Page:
To solve the last subtask, we need to look at one important detail of matrix multiplication. Given matrices of sizes (a, b) and (b, c), the complexity for their multiplication is O(a * b * c). We are used to using square size matrices, so we say the complexity is always cubic. In recurrences, the last step involves multiplying the recurrent matrix, (K, K) with the base matrix, (K, 1) which takes O(K^2) complexity instead of O(K^3). This gives us a neat optimisation as follows:

where R is the recurrent matrix ((K+1, K+1) matrix which is described above), B is the base matrix ((K+1, 1) matrix which is described above) and n = 2^{i_1} + 2^{i_2} + \cdots + 2^{i_{\log{H}}}.

An example of above equation is:

Note that the above step now needs O(K^2 * \log{H}) complexity, reducing a factor K from previous one. But we need to precompute the 2^w powers of the recurrent matrix. This can be done in O(K^3 * \log{H}).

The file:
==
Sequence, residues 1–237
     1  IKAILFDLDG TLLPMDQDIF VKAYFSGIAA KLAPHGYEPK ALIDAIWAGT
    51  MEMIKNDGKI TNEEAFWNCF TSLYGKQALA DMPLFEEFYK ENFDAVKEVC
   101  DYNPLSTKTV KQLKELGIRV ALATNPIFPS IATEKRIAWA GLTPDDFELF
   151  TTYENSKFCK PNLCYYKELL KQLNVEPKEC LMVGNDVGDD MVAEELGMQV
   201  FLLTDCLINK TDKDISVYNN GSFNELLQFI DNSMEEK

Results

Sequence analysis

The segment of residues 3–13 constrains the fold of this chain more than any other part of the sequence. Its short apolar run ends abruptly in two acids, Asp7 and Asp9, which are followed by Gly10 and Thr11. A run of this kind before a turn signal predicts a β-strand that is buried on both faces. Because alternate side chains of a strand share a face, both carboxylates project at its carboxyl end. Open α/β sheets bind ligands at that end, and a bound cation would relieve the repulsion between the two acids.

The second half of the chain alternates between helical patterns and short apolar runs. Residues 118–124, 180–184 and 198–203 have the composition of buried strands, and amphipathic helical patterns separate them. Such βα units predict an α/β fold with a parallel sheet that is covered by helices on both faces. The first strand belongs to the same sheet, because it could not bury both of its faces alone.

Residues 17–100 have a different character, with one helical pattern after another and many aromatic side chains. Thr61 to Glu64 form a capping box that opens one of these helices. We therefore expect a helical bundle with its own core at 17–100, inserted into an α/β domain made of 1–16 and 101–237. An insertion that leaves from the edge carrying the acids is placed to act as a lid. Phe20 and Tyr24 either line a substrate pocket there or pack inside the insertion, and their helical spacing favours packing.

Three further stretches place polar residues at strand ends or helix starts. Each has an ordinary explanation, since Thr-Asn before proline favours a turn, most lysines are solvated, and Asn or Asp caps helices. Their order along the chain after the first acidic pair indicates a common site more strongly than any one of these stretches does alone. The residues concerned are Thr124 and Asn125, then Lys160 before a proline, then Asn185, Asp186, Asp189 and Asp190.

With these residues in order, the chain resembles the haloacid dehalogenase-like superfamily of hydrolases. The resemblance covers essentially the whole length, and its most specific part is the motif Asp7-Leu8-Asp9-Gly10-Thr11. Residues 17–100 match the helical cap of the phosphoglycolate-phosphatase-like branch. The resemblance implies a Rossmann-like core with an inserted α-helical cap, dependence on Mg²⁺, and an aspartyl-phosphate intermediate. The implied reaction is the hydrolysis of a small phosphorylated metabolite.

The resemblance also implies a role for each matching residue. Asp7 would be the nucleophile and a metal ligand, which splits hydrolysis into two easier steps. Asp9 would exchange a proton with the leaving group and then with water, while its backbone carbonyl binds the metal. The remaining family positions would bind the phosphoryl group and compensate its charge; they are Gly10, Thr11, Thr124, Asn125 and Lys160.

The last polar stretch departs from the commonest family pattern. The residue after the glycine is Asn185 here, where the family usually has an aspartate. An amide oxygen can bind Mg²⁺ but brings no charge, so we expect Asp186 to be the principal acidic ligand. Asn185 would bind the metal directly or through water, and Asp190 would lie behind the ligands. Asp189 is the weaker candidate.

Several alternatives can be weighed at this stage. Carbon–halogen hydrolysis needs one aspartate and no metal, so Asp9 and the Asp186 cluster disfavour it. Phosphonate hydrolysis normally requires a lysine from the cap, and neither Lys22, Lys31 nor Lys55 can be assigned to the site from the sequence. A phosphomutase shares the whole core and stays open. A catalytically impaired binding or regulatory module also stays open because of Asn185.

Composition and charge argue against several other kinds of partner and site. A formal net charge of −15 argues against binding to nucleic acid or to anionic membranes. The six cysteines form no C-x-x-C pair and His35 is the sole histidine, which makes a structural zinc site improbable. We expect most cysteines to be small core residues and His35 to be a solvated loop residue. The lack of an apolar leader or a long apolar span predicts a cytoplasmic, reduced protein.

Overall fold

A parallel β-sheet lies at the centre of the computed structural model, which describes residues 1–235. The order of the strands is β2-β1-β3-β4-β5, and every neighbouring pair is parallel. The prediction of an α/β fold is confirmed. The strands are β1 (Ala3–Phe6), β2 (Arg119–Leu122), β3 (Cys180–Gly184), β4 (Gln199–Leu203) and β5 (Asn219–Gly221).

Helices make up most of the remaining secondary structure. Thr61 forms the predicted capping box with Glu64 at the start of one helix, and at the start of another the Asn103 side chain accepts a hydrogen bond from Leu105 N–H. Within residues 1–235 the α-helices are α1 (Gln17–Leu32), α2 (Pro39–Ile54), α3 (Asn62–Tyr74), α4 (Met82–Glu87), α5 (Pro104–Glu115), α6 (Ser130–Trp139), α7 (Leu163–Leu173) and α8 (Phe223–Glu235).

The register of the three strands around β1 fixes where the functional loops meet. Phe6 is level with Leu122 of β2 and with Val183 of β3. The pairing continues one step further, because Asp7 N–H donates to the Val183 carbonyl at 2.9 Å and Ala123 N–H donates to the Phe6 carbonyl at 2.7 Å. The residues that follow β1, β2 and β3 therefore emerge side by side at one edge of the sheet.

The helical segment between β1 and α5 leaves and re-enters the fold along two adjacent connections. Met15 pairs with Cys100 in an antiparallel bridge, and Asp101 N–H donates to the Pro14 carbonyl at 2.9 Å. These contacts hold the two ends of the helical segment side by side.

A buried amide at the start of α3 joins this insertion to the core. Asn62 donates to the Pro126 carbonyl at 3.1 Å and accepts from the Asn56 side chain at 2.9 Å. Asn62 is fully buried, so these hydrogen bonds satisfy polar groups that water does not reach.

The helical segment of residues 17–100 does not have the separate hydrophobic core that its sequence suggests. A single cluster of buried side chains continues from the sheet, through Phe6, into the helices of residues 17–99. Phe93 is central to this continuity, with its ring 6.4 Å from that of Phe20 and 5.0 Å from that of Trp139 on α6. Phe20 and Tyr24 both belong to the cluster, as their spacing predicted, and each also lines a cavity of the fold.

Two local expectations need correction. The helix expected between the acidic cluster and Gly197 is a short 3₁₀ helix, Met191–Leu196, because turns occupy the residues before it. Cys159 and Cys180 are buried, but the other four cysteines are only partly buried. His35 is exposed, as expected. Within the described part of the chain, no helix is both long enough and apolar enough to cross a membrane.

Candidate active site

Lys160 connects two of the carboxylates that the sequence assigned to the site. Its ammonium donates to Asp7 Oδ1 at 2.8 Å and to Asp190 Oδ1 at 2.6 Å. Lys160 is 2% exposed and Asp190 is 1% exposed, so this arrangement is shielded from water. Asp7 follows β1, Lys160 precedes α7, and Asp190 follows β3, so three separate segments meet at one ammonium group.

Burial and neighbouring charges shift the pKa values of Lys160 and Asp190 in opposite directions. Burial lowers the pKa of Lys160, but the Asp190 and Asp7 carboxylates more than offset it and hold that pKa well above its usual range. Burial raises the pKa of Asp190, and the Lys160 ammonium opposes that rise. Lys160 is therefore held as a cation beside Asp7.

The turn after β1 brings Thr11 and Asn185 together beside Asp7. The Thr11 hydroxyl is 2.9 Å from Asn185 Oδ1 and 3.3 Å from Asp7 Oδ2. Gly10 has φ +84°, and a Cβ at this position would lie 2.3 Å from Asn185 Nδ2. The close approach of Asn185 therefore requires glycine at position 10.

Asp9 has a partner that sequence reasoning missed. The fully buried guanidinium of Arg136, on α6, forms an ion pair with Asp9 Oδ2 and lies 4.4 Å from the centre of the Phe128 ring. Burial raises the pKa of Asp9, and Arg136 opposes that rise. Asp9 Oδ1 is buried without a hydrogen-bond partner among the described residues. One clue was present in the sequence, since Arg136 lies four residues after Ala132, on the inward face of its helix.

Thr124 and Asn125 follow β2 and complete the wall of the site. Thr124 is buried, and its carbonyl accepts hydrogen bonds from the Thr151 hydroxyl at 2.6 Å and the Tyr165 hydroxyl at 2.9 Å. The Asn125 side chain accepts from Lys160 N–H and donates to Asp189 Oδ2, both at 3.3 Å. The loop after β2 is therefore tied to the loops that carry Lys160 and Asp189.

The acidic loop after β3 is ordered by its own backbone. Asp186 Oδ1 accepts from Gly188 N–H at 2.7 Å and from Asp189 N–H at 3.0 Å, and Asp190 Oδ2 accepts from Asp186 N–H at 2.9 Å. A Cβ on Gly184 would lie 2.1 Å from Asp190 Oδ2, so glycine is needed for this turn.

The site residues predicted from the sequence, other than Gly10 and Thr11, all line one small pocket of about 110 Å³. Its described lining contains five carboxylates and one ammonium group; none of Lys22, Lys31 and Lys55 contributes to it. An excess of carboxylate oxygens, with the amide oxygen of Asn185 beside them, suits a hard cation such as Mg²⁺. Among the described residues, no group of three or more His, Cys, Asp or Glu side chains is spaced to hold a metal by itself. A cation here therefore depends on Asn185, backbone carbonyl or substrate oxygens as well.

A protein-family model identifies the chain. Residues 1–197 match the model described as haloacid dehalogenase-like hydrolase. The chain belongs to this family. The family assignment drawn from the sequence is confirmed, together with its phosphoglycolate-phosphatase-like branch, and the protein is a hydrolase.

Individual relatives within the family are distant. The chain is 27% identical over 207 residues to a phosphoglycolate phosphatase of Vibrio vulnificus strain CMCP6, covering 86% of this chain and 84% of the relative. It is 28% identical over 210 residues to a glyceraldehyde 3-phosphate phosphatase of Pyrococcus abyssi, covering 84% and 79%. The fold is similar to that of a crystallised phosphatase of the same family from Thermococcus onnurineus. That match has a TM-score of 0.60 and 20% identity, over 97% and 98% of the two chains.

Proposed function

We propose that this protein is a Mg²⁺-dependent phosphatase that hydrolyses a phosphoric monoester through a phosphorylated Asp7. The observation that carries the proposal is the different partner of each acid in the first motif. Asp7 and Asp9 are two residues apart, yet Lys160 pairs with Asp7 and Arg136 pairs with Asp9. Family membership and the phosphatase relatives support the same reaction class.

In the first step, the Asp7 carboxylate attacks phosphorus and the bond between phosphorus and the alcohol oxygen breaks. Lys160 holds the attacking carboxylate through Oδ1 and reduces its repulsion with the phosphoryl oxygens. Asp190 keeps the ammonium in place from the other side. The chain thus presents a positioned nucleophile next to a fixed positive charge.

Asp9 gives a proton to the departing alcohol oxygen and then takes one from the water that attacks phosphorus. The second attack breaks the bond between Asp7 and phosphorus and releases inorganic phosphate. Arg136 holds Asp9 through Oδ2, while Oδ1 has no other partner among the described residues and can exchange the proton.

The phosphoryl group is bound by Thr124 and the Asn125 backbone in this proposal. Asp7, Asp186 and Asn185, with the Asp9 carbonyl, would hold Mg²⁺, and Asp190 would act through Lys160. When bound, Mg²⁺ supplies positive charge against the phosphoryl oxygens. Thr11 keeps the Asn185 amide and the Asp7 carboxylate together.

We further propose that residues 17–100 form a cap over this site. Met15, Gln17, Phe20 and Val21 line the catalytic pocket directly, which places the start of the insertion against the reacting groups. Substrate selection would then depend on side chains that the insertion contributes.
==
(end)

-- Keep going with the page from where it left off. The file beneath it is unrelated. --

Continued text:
Using the above ideas of precomputation and matrix multiplication, the complexity is O(K^3 \log{H} + N * K^2 * \log{H}). This will easily pass all the subtasks.

For more details, you can refer to the authorâ€™s or testerâ€™s solution below.

### Editorialist Solution: GP Sum of a matrix (Bad constant factor)

The ideas of precomputation and matrix multiplication described above hold in the editorialist solution too.

The solution uses the following idea for finding the prefix sums or recurrence:

So, we need to find the GP (Geometrix progression) sum of a matrix. This is a known problem. If you donâ€™t know about it, you can read similar problem here. But the only problem with this approach is the large constant factor involved. The matrix used to calculate the GP sum of a matrix is twice the size of given matrix, i.e. the matrix used will have size (2k, 2k). Hence, a constant factor of 2^2 = 4 is added to the complexity of the solution which is very hard to deal with. But with some neat observations like some parts of the matrix always retaining particular values, we can reduce the constant factor in the solution too.